The Central Library

Although I photographed the STL250 cake there in 2014, I never actually visited the St. Louis Central Library before this August. The Fantasy Maps exhibit drew me in, however, and we also took a tour while we were there. I was back again last week, and I’m astounded by what an amazing building it is, inside and out!

The building (actually buildings, as it is a group of five separate buildings that are joined), was a Carnegie library designed by Cass Gilbert, and was first constructed in 1912, and renovated to be completed in time for the 100th anniversary in 2012.


The brick plaza out front lets you know you’re in a special place:


Our tour began in what used to be called the “Delivery Room.” There are so many beautiful details on the walls, the ceiling…even the lamps!




There are many different rooms in the library, and they are all stunning:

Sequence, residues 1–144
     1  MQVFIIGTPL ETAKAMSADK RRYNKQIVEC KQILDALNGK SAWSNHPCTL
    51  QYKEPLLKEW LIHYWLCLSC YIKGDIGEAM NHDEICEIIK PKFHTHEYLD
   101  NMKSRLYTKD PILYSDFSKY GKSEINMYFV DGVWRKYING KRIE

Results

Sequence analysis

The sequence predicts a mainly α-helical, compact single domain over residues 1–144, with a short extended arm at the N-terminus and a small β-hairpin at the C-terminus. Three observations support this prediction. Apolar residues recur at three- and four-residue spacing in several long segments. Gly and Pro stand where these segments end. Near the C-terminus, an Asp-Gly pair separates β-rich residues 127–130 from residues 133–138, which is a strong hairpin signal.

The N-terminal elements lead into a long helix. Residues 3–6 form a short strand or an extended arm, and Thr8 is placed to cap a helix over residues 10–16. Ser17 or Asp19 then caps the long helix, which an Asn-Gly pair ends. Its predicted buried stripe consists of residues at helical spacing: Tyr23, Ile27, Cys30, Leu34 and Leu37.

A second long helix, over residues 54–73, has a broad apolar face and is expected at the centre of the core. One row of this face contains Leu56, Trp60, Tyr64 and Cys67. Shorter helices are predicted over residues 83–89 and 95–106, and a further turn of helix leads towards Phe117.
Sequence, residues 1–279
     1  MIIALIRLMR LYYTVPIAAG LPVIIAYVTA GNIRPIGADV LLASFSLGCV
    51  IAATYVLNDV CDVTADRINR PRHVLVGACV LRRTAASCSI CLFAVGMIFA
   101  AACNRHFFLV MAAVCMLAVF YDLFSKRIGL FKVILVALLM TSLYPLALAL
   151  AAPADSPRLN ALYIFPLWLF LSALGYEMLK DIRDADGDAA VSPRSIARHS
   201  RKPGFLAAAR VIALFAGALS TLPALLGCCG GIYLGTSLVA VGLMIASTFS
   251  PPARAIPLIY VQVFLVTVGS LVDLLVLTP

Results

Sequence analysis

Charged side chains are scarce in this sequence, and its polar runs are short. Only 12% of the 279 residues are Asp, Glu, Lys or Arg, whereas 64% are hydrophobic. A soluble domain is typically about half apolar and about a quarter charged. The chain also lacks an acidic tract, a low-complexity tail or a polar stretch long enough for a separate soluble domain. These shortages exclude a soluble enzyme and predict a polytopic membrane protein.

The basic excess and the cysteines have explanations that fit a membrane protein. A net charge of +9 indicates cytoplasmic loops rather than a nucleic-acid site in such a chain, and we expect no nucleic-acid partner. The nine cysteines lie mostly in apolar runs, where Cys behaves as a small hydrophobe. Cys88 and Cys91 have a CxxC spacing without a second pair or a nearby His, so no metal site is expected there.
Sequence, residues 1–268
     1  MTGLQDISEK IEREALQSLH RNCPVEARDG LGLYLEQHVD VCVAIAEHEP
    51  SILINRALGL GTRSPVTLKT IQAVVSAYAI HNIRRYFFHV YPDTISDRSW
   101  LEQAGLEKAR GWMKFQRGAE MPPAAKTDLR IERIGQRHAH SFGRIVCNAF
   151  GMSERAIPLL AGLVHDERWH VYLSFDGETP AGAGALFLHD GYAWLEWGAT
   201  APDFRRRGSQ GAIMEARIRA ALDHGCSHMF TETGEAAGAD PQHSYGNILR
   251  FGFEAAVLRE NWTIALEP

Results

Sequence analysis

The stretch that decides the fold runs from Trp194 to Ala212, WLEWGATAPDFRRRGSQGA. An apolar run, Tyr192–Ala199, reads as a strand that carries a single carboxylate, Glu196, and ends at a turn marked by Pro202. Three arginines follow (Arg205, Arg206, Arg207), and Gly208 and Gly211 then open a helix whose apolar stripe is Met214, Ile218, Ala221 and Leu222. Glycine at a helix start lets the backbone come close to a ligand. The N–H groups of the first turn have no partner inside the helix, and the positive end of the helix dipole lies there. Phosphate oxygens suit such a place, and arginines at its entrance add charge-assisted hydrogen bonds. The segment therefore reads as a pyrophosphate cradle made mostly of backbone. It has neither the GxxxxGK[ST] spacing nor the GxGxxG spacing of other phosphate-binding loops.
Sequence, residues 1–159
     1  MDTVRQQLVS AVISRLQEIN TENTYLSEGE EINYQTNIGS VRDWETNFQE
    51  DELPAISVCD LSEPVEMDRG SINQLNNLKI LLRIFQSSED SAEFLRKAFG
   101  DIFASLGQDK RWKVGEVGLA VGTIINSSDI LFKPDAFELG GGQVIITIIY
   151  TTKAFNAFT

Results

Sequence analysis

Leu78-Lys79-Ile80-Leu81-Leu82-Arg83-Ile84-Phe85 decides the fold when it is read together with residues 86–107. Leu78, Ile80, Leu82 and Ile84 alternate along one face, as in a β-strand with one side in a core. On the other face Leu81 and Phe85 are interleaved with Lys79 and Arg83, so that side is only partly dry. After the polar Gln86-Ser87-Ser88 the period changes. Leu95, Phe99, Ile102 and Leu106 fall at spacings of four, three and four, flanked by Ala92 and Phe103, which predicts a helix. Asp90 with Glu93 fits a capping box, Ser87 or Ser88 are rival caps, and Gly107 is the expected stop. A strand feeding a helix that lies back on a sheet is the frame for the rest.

Intricate details abound:



There are Gorham stained glass windows and skylights (one of which was recently rediscovered!):

The children’s and teen areas are bright and colorful, and seem like fun places to be:



The part of the building that faces Locust Street has a more modern feel (a relative term for a building over 100 years old), inside and out. I especially love the use of subway tiles on the interior walls! The tiles themselves may be old, but they’re so timeless, they play up the contemporary, urban vibe:

There is a cool marker in the exact center of the library:


Here’s another look at the beautiful exterior, which includes names, sculptures, quotes, fountains, and more stunning lamps:





You could spend all day in this library, and not even come close to noticing all the details. The guided tour is an excellent way to learn about what you’re seeing, and I highly recommend taking some time to take a walk through the building to see how beautiful the design is and discover the library’s importance to St. Louis!

One thought on “The Central Library

Leave a Reply

This site uses Akismet to reduce spam. Learn how your comment data is processed.